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Learning to Live with Judicial Partisanship: A Response to Cassandra Burke Robertson

Written By: Bruce A. Green and Rebecca Roiphe

Abstract Response to Cassandra Burke Robertson, Judicial Impartiality in a Partisan Era In her article, Judicial Impartiality in a Partisan Era, Professor Cassandra Burke Robertson suggests that even if judges make a conscious effort not to decide cases based on partisan political identification, they may unconsciously bring their partisan views to bear. Doing so may […]

Etched in Stone: Historic Preservation Law and Confederate Monuments

Jess R. Phelps and Jessica Owley

Abstract This Article examines the current controversy regarding Confederate monuments. While many have focused on the removal of these commemorative objects, the legal framework regarding their protection has not been fully explored. This Article provides an in-depth understanding of the application of historic preservation laws to monument removal efforts and examines the impact of these […]

A View of Copyright from the Digital Ground

Andres Sawicki

Abstract Response to Cathay Y. N. Smith, Beware the Slender Man: Intellectual Property and Internet Folklore Professor Cathay Smith’s Beware the Slender Man: Intellectual Property and Internet Folklore seems at first to fit comfortably within the creativity-without-IP literature, which shows that creative practices can thrive outside of the institutions built up around intellectual property law. […]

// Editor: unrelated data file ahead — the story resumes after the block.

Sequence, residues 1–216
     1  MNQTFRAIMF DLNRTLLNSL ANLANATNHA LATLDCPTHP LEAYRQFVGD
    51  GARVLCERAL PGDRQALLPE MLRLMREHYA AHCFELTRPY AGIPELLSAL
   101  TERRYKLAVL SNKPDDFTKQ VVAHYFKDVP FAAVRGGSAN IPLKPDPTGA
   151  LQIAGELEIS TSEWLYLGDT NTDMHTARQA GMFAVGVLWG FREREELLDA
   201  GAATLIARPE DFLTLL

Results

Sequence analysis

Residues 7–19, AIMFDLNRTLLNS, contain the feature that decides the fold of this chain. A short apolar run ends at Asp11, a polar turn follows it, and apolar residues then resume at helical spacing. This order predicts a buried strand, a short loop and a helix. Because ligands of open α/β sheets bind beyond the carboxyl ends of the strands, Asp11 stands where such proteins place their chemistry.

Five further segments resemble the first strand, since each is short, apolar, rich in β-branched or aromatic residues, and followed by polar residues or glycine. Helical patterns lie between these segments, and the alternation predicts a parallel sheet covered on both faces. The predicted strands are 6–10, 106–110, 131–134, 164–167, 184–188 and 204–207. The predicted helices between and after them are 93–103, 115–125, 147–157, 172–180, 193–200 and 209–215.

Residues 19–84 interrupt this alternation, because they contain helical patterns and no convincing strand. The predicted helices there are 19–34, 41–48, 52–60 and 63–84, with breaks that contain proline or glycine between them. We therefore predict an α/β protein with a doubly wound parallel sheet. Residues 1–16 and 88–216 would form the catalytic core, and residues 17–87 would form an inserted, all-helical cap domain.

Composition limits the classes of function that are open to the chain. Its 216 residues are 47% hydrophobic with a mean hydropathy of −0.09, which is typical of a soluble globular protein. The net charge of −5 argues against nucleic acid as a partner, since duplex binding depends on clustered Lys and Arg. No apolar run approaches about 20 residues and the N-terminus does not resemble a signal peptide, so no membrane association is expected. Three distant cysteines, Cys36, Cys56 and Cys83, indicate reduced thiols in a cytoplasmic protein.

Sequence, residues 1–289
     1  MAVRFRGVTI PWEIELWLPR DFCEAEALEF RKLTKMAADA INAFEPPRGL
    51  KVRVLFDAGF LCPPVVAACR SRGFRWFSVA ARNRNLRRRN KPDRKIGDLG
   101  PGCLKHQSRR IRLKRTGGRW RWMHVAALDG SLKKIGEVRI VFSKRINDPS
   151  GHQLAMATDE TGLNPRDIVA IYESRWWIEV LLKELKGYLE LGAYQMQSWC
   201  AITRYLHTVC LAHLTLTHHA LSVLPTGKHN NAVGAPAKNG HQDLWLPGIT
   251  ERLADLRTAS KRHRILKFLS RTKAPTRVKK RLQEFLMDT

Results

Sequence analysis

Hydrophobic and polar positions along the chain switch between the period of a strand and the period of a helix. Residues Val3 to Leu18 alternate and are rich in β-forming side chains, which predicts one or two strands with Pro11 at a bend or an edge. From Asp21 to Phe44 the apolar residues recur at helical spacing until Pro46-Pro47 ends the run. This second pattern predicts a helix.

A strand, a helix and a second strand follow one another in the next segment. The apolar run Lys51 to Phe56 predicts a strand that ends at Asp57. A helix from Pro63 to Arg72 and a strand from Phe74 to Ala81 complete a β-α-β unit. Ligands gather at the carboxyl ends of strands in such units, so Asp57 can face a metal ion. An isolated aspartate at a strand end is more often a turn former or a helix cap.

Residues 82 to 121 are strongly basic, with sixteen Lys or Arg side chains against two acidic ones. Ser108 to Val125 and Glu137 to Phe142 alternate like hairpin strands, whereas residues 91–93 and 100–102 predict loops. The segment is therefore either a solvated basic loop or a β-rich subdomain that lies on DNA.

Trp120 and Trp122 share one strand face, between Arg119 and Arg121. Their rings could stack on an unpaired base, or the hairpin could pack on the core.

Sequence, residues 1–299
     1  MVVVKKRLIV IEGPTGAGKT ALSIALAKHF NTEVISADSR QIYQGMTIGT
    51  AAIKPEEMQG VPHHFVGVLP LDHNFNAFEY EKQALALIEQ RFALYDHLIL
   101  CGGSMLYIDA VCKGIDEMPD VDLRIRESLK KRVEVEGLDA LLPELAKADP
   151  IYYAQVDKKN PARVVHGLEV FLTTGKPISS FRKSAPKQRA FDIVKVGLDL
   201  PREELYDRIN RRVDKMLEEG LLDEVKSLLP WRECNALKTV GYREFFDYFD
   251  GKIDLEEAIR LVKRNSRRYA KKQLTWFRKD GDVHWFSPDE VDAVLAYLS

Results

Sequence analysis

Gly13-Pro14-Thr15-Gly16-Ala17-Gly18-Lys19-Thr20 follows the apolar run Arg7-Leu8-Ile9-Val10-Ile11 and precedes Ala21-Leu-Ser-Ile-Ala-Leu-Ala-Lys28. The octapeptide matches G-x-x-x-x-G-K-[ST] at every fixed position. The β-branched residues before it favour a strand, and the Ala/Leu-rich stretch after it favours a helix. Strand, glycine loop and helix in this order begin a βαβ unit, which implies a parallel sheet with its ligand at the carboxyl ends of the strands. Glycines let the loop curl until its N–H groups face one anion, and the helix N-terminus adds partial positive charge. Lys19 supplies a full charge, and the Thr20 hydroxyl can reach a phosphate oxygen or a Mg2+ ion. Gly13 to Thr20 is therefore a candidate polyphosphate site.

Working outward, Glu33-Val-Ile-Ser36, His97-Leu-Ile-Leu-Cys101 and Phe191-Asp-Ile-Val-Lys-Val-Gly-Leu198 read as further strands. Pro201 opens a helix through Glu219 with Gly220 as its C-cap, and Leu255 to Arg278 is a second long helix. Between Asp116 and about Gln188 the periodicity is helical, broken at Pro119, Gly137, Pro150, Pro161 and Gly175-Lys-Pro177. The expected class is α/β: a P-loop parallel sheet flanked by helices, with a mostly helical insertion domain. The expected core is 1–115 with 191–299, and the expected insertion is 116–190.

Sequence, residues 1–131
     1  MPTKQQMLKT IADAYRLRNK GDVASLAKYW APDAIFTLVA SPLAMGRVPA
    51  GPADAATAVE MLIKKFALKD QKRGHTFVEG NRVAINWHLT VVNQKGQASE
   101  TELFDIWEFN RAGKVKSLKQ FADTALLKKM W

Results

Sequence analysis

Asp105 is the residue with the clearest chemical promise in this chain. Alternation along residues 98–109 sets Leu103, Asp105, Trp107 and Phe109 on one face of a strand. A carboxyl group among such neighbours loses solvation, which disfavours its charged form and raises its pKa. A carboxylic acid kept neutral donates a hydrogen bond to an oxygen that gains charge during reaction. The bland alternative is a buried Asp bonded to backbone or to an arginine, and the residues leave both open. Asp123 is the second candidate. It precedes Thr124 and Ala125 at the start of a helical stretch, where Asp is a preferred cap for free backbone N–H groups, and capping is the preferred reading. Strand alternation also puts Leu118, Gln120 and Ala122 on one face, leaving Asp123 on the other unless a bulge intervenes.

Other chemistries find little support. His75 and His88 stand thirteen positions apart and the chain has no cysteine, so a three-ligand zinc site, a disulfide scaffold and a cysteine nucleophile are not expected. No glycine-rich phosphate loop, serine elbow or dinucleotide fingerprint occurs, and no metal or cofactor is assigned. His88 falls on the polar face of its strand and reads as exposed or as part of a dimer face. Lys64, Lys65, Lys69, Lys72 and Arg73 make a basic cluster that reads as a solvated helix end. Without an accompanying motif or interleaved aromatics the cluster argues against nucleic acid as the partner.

Regulation and the Marginalist Revolution

Herbert Hovenkamp

Abstract The marginalist revolution in economics became the foundation for the modern regulatory State with its “mixed” economy. For the classical political economists, value was a function of past averages. Marginalism substituted forward looking theories based on expectations about firm and market performance. Marginalism swept through university economics, and by 1920 or so virtually every […]

Staking the Boundaries of Software Copyrights in the Shadow of Patents

Pamela Samuelson

Abstract Ever since the venerable Supreme Court opinion in Baker v. Selden, courts and commentators have overwhelmingly endorsed the rule that copyright and utility patent protections for intellectual creations are mutually exclusive. That is, an intellectual creation may be eligible for copyright or utility patent protection, but not both. Original works of authorship are channeled […]

The Skeleton in the Hard Drive: Encryption and the Fifth Amendment

Written by: David W. Opderbeck

Abstract In Teva Pharmaceuticals USA, Inc. v. Sandoz, Inc., the Supreme Court addressed an oft-discussed jurisprudential disconnect between itself and the U.S. Court of Appeals for the Federal Circuit: whether patent claim construction was “legal” or “factual” in nature, and how much deference is due to district court decision-making in this area. This Article closely […]